Musical by John Kander
Musical by John Kander
Based on the play by John Van Druten and stories by Christopher Isherwood
World premiere on November 20, 1966 in Broadhurst Theatre
Premiere in the Estonian National Opera on February 9, 2024
Lyrics by: Fred Ebb
Translation of the lyrics by: Kirke Kangro
Book by: Joe Masteroff
Translation by: Hannes Villemson
Music Director: Kaspar Mänd
Conductor: Lauri Sirp
Assistant to the Music Director: Martin Trudnikov
Stage Director: AnnaKarin Hirdwall (Sweden)
Designer: Caroline Romare (Sweden)
Lighting Designer: Peter Stockhaus (Sweden)
Choreographer: Adrienne Åbjörn (Sweden)
Emcee: Priit Võigemast, Kaarel Targo (Must Kast)
Sally: Hanna-Liina Võsa, Piret Krumm
Cliff: Kalle Sepp (Revüüteater Starlight Cabaret), Kaarel Targo (Must Kast)
Fräulein Schneider: : Juuli Lill, Katrin Karisma
Herr Schultz: Mart Laur, Jassi Zahharov
Fräulein Kost: Karis Trass, Kadri Nirgi
Ernst Ludvig: Mart Madiste, Jaak Jõekallas
Performed in Estonian with subtitles in Estonian and English.
Berlin 1929. The ideas about The New World are growing stronger. But at the Kit Kat Klub, everyone is still welcome. Sally Bowles is the star of the club and together with the emcee she tries to keep the dream of freedom alive. Then she meets Clifford Bradshaw, an American writer who has come to Berlin in search of himself. In a Germany where the Nazis are marching ever louder, this love story unfolds in the shadow of an approaching world war.
“Cabaret” is one of Broadway’s legendary masterpieces, a musical with a serious underlying theme, depicting the impact on the lives of ordinary people caught up in the increasing decadence of Germany in the 1930s. The musical caused a sensation when it made its 1966 Broadway debut, and the season ran for nearly 2000 performances. The wild freedom and abandon of the time establishes an environment of spiritual, artistic and sexual freedom that was soon to be destroyed by the Nazi regime.
Stage Director AnnaKarin Hirdwall: “Have you ever let your wants and dreams pass you by out of fear of the consequences of pursuing them? In this piece I want to tell you about how people get affected by fear and how we become who we are. Do we live our lives imprisoned or free in truth? Can we enable personal and societal change in the future or do we hold back and cling to the old world in fear of renewal? I want to welcome the audience into a world populated by characters who believe, wish, love, dare, dream and hope – despite forces that want to limit, control, straighten and intimidate into fear and silence”.
Consultant, Art Historian Harry Liivrand: “There are two exceptional works in the history of music that stand out from the rest of the genre – “West Side Story” and “Cabaret”. These musicals are flesh and blood, so to speak, dealing with the maze of social conditions and human relationships in difficult political times, not just providing high-level musical entertainment. They are timeless because the issues they echo are timeless. To understand the Berlin-musical “Cabaret”, one must take into account the ultra-liberal political, cultural and social conjuncture of Germany, the Weimar Republic at the time. Thanks to the new art of photography, the Bauhaus school, expressionist modernism (die Neue Sachlichkeit) in the visual arts, and sexual freedom without taboos, Berlin became Europe's leading centre of avant-garde art and sexual emancipation in the second half of the 1920s. Dozens and dozens of cabarets, revue theatres, nudist bars, and entertainment clubs opened in the city became symbols of the latter, which were mostly managed and financed by gays, lesbians and transvestites. There were about a hundred gay clubs in Berlin alone. The proportion of Jewish musicians in Berlin's operetta and cabaret world promoting modern jazz (Kurt Weill, Oscar Straus, Paul Abraham, Fritzi Massary, etc.) was outstanding. Against the background of the blatant political struggle in the German capital – especially the Nazis versus the Communists – the unrestrained nightlife was also a “dance on the volcano”, but still, until January 1933, this joyful ideology of the “golden twenties” continued, developed, and lived creatively. /.../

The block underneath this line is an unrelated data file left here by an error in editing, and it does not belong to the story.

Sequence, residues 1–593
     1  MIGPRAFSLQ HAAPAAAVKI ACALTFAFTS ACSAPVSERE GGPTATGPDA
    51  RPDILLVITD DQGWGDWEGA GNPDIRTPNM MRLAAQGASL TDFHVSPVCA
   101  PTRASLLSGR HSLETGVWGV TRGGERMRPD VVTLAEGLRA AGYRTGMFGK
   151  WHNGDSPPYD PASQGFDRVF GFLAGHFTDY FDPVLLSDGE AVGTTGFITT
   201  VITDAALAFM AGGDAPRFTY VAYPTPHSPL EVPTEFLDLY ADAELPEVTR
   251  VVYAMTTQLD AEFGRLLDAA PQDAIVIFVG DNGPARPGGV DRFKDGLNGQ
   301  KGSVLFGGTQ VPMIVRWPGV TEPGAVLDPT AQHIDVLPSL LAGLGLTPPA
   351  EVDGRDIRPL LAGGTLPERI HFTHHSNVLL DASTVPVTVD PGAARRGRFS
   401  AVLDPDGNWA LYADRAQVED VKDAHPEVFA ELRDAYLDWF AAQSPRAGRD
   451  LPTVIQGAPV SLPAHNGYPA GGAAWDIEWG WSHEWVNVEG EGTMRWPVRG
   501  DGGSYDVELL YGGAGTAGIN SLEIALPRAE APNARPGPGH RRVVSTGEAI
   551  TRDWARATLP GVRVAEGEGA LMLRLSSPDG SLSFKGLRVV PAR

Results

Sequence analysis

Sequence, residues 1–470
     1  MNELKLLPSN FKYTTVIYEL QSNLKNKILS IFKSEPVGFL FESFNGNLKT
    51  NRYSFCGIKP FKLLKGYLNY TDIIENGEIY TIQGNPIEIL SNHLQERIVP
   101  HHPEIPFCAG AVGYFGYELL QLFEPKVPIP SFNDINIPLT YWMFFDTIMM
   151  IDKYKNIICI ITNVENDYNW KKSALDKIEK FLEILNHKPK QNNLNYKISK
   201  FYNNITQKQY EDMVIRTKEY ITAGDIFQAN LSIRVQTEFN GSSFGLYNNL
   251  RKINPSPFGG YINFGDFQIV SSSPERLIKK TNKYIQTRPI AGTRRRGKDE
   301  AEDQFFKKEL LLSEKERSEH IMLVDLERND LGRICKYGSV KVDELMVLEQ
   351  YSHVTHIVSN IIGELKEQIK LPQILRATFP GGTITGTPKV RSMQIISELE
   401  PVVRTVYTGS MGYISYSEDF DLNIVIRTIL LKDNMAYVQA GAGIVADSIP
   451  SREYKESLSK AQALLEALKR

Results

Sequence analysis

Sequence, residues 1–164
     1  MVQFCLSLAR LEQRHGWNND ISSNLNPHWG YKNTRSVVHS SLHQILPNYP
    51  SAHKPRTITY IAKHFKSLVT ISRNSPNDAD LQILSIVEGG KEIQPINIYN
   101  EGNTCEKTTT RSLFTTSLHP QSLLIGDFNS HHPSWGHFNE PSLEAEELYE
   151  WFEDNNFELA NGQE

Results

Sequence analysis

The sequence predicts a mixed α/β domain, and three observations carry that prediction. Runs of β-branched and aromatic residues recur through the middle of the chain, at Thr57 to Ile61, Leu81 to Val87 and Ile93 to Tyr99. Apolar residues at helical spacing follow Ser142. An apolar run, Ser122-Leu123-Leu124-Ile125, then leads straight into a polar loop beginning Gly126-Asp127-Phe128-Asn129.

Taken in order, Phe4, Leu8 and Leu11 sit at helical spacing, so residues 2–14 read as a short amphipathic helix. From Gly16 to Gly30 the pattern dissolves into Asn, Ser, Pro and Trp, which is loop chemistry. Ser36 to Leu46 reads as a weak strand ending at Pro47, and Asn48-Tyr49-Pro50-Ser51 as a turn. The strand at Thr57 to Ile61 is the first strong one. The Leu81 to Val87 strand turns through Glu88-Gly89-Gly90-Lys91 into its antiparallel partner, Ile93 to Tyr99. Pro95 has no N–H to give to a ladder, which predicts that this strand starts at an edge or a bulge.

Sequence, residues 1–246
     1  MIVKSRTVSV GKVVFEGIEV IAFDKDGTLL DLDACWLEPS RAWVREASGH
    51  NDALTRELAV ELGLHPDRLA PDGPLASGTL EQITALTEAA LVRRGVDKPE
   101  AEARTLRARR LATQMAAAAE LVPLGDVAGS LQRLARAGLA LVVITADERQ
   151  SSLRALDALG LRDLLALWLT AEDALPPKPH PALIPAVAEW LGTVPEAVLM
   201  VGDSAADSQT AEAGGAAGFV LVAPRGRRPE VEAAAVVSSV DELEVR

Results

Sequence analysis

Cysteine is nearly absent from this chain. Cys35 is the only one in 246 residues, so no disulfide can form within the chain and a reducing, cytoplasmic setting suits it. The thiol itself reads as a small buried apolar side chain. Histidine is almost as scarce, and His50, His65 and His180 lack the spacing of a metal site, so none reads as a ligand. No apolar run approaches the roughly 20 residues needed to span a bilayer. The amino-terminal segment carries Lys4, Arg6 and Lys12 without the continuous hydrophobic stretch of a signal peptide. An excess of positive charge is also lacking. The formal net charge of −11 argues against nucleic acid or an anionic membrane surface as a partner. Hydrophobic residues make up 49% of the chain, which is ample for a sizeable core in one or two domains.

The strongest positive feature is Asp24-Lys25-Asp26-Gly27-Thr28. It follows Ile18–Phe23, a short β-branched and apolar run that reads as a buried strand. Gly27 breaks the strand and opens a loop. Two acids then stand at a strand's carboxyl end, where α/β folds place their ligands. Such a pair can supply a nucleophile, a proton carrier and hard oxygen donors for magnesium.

KitKatClub reopened in 1994, but in a new location, and of course it's not quite what it once was. But the name and the legend sell. The dress code is checked at the door - I know from my own experience, because once we couldn't get in with Kristel Pappel and Tõnu Kõrvits... I recommend establishments such as “Wintergarten”, “Tipi am Kanzleramt” and “Bar jeder Vernunft” to fans of variety shows, operettas and musicals. It is possible to have a proper dinner there before the show and to order more during the break of the show. By the way, “Cabaret” will also be performed in “Tipi am Kanzleramt” from July."
Excerpts from the lecture for the troupe of “Cabaret” on 16.01.2024
NB! Please note:
- The production is not recommended for children under 14 years of age. The show may require parental guidance.
- The cigarettes used in the show are not tobacco products and are safe for health.
- In the “Cabaret” production, visibility from 2nd balcony is limited.
Music director and conductor
Assistant to the Music Director
Consultant on Acting
Assistant to the Chorus Master
Chief Pianist and Repetiteur
Pianist and Repetiteurs